from the blog.

Maximize your Video for iPod Touch | Resolution and Quality VS File Size.

The iPod Touch has one of the best screens for a mobile device on the market today.

  • 3.5-inch (diagonal) widescreen Multi-Touch display
  • 480-by-320-pixel resolution at 163 pixels per inch

It is just so sweet.

Beautiful as it is, native video resolutions and configurations sometimes need proper conversion to maximize the file efficiency and viewing quality. That is, getting the best possible quality for the least possible file size. Because lets face it, the iPod Touch’s low disk space is on of its major let-downs. Its hard to keep a lot of stuff on one cool device.

Anyway. Lets start.

Take note of the resolution – 480 x 320 pixels – this is very important. When you are converting video files for viewing on the iPod Touch, ensure that the resolution of the resulting video is less than the iPod’s. Higher resolutions will most likely still be playable, but you wont notice too much of a difference since the device wont be able to display the additional pixels anyway – it’ll just fit everything in its 480 x 320 screen. No use cramming up 720 pixels of video on 480 pixel screen right? Sometimes, it can actually be worse if the resolution is too high as it takes more processing power (generates more heat, shortens battery life) to play. But then again, if you choose a resolution that is too low, you are not maximizing the device’s full potential.

To maximize file size efficiency, determine the original resolution of the video. I do this by opening the file in Media Player Classic and pressing Shift + F10 then going to the Details Tab. You can use other means if you want to, this is just the easiest for me.


Remember our device’s resolution – 480 (width) x 320 (height). If the height and width of the original video is smaller than 480 x 320, no need to make adjustments on the resolution. This is the case for most regular videos downloaded from YouTube or other online video services. Same is true for simple video cameras or video captured from phones.

But the example above (720 x 540) needs to be scaled down. Again, the height and the width of the video needs to be less than or equal to the iPod’s resolution. We need to scale the video to a resolution closest to 480 x 320.

But do not just directly convert to 480 x 320. When scaling down, the proportion of the width to the height needs to be retained. Depending on the original resolution, it can create an undesirable stretching effect if you just directly convert to 480 x 320.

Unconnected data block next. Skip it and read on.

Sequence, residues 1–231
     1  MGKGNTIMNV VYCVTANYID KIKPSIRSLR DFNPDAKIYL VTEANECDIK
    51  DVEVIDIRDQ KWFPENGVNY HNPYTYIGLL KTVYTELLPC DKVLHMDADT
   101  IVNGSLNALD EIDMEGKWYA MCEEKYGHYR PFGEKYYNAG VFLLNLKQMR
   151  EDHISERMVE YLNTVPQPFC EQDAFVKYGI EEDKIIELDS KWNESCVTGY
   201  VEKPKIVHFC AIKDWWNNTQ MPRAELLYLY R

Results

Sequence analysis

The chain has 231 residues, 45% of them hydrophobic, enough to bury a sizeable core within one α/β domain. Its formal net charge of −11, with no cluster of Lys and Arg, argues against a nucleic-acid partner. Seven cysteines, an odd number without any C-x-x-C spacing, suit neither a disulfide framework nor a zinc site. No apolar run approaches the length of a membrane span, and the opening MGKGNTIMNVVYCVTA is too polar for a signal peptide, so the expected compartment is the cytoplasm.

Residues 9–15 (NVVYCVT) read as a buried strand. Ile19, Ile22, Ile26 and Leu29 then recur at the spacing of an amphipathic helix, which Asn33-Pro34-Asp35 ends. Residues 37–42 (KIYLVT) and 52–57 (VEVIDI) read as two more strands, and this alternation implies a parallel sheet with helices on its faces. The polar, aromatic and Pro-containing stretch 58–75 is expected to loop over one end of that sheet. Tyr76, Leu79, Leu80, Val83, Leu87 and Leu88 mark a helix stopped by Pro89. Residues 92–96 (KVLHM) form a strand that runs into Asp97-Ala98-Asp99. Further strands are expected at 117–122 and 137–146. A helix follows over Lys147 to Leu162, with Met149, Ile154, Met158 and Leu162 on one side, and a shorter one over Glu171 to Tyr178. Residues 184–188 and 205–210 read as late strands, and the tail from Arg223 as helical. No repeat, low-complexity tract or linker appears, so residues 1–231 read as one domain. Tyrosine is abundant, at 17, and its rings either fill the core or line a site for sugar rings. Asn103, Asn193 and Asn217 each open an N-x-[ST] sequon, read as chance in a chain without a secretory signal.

To properly scale down, just divide the height and width of the video by the same number so that the width is less than or equal to 480 and the height is less than or equal to 320.


Divide the height and width by 2.

720 / 2 = 360. This is the width

540 / 2 = 270. This is the height.

Resulting resolution will be 360 x 270. Although this will save a lot of disk space, you will not be able to maximize the iPod’s screen.

Lets use 1.5

720 / 1.5 = 480

540 / 1.5 = 360

Though the width (480) will fit perfectly on the iPod’s screen, the height (360) is too tall. It will work, but this will not get us the best file size to quality efficiency.

Lets use 1.7

720 / 1.7 = approx 424

540 / 1.7 = approx 318

Resolution 424 x 318 would be our ideal choice. Its not too tall nor too wide for the iPod’s screen. But it still uses up the iPod’s screen to its full potential based on the original file’s resolution.

Depending on your original resolution, you will sometimes have black bars on the sides or on the top and bottom. This is normal as we don’t want to undesirably stretch the video as shown above. If you are really saving up on disk space, yo can scale down to much lower than 480 x 320 but you will be compromising the quality.

Other factors to consider are audio/video bitrate and frame rate. Higher bitrate of course, means better sound quality. Normal audio bitrate is 192 kbps (near CD quality sound). Lower the bitrate if you want to save more disk space (this works for songs too). Up to 128 kbps is considered acceptable. I prefer to leave the frame rate as it is because I noticed that bitrate and resolution affects the file size more.

You’d have to play with the settings of your video converter and DVD ripper in order for you to get the your desired results. Ill try to post software and methods I use to put videos on my iPod.

Hope this helps.

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